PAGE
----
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Literalität und Partizipation

Über schriftsprachliche Voraussetzungen demokratischer Teilhabe

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Edited By Demokratie-Stiftung der

Die Humanwissenschaftliche Fakultät der Universität zu Köln veranstaltete im März 2012 in Kooperation mit der Demokratie-Stiftung eine internationale Fachtagung zum Thema Literalität und Partizipation, um einen aktiven Austausch verschiedener Akteure der (politischen) Grundbildung und ihrer Perspektiven zu ermöglichen. Das Anliegen der Veranstaltung war, die Bedeutung schriftsprachlicher Grundbildung für die aktive Teilhabe am gesellschaftlich-demokratischen Prozess herauszuarbeiten. Migration und kulturelle Heterogenität wurden mit Blick auf das herrschende Verständnis von Grundbildung und ziviler Teilhabekompetenz reflektiert. Hierauf folgte die Erörterung von Zielfiguren und didaktischen Konsequenzen für die politische Bildung.
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Einführung in die Tagung

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Professor Dr. Klaus Künzel,Institut für Bildungsphilosophie, Anthropologie und Pädagogik der Lebensspanne an der Universität zu Köln

Ladies and gentlemen, it is my pleasure to welcome you to our international conference on literacy and participation. The title we have chosen is one which I believe is not only of contemporary academic interest but which reflects a growing concern about the social and human costs of educational deprivation and exclusion. Although our meeting’s main attention will be focussed on whether basic standards of reading and writing are indispensible requirements for democratic participation, its wider social implications should not be overlooked.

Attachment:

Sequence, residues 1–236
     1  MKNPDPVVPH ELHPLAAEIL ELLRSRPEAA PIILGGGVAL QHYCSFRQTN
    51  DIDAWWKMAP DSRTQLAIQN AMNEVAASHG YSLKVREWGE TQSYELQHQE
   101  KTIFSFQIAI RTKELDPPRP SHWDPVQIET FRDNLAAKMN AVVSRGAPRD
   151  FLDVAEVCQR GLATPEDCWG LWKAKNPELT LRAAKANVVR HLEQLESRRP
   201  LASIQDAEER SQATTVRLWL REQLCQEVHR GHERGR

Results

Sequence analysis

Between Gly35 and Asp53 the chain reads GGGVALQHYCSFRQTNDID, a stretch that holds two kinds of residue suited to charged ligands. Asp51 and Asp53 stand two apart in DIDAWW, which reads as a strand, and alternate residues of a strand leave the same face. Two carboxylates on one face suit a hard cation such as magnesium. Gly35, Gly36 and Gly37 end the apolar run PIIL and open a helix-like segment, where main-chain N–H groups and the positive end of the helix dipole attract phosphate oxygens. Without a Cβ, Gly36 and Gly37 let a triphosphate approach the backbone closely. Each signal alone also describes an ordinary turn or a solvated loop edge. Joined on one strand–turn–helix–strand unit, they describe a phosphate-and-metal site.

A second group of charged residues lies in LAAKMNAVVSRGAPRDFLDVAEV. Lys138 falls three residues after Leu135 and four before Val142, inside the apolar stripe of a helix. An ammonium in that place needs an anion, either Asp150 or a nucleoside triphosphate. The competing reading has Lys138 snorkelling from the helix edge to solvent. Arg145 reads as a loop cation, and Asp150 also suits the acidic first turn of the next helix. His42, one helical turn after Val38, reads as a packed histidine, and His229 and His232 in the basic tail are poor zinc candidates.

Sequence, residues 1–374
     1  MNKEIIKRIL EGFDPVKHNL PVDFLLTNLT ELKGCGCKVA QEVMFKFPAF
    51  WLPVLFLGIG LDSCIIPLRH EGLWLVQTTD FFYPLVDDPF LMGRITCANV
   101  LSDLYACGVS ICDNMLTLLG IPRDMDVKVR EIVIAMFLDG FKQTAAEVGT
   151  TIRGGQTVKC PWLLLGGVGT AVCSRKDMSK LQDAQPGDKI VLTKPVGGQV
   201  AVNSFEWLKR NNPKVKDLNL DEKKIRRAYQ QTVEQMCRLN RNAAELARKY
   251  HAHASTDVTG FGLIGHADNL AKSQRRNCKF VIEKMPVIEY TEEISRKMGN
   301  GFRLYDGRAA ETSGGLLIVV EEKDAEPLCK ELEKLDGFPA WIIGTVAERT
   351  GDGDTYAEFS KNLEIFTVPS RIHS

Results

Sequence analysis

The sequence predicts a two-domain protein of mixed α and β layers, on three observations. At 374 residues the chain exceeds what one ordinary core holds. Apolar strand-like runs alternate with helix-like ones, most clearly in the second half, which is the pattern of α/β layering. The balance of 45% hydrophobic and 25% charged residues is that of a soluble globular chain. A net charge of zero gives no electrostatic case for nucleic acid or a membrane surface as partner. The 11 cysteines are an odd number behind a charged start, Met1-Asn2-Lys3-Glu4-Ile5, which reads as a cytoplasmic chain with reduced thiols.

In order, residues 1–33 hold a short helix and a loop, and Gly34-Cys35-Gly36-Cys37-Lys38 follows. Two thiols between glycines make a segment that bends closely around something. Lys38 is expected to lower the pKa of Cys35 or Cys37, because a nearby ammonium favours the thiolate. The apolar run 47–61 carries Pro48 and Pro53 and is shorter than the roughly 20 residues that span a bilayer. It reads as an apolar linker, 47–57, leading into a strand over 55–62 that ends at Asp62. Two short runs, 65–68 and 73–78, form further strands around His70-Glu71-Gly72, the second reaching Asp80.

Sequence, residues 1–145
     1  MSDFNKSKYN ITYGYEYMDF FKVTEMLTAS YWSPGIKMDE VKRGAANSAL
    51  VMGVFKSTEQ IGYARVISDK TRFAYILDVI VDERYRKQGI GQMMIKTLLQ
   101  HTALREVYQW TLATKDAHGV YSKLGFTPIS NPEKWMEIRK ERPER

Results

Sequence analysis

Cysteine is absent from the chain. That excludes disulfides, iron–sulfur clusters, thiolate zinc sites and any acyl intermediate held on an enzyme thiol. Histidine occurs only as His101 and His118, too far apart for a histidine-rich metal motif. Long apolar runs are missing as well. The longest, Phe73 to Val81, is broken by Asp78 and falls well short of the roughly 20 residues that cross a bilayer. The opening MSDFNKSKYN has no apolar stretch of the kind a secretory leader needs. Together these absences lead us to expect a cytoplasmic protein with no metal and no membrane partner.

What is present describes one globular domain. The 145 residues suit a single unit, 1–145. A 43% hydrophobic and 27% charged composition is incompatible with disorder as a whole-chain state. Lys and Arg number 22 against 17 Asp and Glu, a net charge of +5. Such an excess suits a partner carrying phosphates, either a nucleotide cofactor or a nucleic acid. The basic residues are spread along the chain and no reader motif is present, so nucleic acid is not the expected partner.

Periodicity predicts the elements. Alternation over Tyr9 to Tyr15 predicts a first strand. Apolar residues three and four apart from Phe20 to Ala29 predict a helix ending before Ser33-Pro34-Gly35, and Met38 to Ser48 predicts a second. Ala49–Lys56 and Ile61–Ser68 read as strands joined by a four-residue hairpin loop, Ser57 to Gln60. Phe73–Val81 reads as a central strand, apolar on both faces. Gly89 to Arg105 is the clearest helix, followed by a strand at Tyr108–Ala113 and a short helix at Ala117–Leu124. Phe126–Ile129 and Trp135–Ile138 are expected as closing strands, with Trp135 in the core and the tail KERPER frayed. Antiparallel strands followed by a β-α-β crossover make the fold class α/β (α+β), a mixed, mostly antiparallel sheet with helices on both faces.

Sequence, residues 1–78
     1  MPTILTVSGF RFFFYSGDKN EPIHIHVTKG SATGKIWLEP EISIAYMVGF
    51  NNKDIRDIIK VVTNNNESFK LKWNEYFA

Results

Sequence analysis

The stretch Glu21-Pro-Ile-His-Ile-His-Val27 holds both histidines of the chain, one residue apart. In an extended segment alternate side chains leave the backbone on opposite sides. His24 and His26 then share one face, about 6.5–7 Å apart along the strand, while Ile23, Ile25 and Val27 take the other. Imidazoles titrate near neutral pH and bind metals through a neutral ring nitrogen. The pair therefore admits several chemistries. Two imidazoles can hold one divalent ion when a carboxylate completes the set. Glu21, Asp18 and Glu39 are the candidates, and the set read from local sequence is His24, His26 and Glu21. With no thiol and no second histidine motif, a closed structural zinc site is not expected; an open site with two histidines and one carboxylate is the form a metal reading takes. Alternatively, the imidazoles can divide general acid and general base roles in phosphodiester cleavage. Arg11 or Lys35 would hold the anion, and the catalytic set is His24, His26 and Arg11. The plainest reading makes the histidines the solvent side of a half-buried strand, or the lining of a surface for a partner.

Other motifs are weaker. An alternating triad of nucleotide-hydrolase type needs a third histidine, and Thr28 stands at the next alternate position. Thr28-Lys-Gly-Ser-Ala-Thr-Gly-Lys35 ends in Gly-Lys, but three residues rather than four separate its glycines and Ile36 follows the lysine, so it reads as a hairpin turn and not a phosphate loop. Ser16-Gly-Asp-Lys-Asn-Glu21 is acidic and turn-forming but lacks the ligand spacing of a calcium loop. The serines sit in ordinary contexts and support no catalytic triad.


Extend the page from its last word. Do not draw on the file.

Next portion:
Generally speaking, the relationship between literacy and individual abilities to care about and take part in public affairs is characterized by the human capacity to apply – and profit from – basic techniques of communication. Expressive skills such as rhetorics and the art of wording can be regarded as indispensible ingredients of interactive competence, and no person seems to be more dependent on its refinement and situational appropriateness than the professional politician. Such qualities are by and large conditioned by the strategic objectives of the spoken word as it is directed towards and received by public audiences. But is the welfare and strength of democratic orders sufficiently provided for by political mechanisms which are primarily founded in the tradition of oral interaction? I think not.

My scepticism is founded on at least two observations. First: Political communication designed to address...

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